We studied acute and chronic pain in pediatric patients who underwent thoracotomy for benign disease with a follow-up of at least three months. A telephone interview investigated about the presence of pain and the analgesic therapy in progress. The results were compared with the anesthetic technique, postoperative pain and the adequacy of pain therapy, both during the first week after surgery and at the time of interview. Fifty-six families consented to the study. The mean age of the children at surgery was 2.9 ± 4.5 years, while at the time of the interview was 6.5 ± 4.4 years. We performed different anesthetic strategies: Group A: General anesthesia (36 pts); Group B: General anesthesia and thoracic epidural (10 pts); Group C: General anesthesia and intercostal nerve block (10 pts). During the immediate postoperative period, 21 patients (37.5%) had at least one painful episode. At the time of interview, 3 children (5.3%) had moderate chronic neuropathic (burning) pain on surgical scar. There was no statistically significant difference between the type of anesthesia and the incidence and severity of acute post-operative pain. Despite its limitations, this study confirms the low incidence of chronic post-thoracotomy pain syndrome in children.

Incidence of acute and chronic post-thoracotomy pain in pediatric patients

Petrucci E.;Marinangeli F.;
2021

Abstract

We studied acute and chronic pain in pediatric patients who underwent thoracotomy for benign disease with a follow-up of at least three months. A telephone interview investigated about the presence of pain and the analgesic therapy in progress. The results were compared with the anesthetic technique, postoperative pain and the adequacy of pain therapy, both during the first week after surgery and at the time of interview. Fifty-six families consented to the study. The mean age of the children at surgery was 2.9 ± 4.5 years, while at the time of the interview was 6.5 ± 4.4 years. We performed different anesthetic strategies: Group A: General anesthesia (36 pts); Group B: General anesthesia and thoracic epidural (10 pts); Group C: General anesthesia and intercostal nerve block (10 pts). During the immediate postoperative period, 21 patients (37.5%) had at least one painful episode. At the time of interview, 3 children (5.3%) had moderate chronic neuropathic (burning) pain on surgical scar. There was no statistically significant difference between the type of anesthesia and the incidence and severity of acute post-operative pain. Despite its limitations, this study confirms the low incidence of chronic post-thoracotomy pain syndrome in children.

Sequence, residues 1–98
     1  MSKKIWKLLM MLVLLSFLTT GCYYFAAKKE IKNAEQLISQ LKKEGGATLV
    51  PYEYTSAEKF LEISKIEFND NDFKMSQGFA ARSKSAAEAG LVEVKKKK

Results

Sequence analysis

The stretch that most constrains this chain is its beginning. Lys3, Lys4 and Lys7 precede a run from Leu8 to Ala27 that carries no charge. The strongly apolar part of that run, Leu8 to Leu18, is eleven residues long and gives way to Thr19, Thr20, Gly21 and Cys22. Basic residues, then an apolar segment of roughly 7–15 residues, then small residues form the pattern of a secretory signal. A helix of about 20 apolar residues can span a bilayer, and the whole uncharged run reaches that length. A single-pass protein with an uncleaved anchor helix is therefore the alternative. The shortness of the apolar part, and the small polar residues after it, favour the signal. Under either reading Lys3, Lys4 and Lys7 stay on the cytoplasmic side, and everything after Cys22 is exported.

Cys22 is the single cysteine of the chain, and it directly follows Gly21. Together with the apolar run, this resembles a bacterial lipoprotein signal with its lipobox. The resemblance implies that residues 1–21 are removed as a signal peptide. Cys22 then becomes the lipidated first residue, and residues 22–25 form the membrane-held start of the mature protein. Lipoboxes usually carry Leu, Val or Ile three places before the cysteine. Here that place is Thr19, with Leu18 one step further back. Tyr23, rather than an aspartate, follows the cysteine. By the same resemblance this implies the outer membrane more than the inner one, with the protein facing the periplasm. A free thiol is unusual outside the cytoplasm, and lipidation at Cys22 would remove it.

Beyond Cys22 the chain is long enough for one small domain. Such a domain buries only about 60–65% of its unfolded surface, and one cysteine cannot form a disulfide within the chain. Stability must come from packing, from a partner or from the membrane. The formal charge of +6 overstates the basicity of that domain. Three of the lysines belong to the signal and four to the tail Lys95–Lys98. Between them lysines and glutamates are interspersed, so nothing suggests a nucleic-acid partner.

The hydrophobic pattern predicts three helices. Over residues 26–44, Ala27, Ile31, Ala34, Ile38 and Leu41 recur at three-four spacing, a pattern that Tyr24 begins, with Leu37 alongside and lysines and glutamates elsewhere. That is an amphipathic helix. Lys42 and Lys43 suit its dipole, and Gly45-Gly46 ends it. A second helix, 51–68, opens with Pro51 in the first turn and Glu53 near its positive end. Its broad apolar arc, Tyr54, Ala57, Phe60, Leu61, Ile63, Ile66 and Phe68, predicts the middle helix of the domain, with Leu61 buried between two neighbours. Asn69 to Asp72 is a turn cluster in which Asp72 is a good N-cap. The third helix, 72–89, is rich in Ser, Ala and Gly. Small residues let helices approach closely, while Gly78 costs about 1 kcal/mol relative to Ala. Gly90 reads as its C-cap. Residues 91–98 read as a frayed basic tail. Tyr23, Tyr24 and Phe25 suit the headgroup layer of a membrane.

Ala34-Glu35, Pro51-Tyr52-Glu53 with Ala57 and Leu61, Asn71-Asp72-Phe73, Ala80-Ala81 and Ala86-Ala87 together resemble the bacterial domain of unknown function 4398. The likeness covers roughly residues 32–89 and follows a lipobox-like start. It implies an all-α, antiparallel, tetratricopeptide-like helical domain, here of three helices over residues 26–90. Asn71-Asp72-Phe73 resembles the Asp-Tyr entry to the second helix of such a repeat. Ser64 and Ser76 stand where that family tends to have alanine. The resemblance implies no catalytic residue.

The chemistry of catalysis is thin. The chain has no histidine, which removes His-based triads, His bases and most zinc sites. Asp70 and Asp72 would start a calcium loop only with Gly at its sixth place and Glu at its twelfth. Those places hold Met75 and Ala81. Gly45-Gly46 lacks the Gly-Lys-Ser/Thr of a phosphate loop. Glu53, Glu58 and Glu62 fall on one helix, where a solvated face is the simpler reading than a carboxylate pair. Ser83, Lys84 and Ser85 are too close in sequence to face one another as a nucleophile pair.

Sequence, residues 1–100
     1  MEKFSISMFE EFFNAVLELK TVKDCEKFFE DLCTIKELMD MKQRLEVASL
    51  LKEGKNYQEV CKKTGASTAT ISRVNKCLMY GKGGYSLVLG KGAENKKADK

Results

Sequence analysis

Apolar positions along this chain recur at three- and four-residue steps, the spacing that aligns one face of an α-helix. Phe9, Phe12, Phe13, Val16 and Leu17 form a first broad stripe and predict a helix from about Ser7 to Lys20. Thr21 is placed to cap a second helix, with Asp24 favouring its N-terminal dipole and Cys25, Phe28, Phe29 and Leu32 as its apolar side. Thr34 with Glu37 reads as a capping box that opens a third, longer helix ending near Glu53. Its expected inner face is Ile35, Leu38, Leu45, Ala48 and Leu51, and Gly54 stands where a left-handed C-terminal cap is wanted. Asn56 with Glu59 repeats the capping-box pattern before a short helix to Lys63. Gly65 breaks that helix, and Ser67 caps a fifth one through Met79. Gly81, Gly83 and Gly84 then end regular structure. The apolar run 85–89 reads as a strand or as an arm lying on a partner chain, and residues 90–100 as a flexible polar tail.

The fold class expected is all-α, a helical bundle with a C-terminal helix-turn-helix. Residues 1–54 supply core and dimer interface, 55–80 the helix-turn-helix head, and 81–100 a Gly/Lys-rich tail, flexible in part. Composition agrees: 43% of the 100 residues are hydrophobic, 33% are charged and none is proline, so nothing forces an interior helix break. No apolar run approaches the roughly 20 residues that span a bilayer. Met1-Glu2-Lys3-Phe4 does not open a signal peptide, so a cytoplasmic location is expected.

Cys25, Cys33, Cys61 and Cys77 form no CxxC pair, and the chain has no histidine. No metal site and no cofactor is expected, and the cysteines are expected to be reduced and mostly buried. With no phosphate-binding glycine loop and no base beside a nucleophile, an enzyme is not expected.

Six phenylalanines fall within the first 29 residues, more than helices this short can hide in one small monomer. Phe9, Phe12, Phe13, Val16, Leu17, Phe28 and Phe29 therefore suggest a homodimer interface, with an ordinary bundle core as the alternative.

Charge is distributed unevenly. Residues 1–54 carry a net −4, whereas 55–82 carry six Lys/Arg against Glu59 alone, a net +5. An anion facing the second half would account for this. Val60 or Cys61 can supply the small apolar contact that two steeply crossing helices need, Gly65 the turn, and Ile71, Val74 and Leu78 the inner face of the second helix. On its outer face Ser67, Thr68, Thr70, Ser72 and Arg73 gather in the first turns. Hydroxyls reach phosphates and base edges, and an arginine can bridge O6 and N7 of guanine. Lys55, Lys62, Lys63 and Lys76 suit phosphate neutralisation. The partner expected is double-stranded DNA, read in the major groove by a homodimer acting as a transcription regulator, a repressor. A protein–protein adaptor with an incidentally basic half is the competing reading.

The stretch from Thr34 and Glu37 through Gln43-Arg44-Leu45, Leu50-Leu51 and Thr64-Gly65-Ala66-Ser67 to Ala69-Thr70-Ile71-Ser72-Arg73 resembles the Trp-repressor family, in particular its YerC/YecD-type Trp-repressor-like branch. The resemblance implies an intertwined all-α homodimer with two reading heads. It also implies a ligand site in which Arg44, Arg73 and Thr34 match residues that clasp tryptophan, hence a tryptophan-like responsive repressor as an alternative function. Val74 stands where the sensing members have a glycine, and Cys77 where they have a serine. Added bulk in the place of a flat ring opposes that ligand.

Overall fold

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Utilizza questo identificativo per citare o creare un link a questo documento: http://hdl.handle.net/11697/172376
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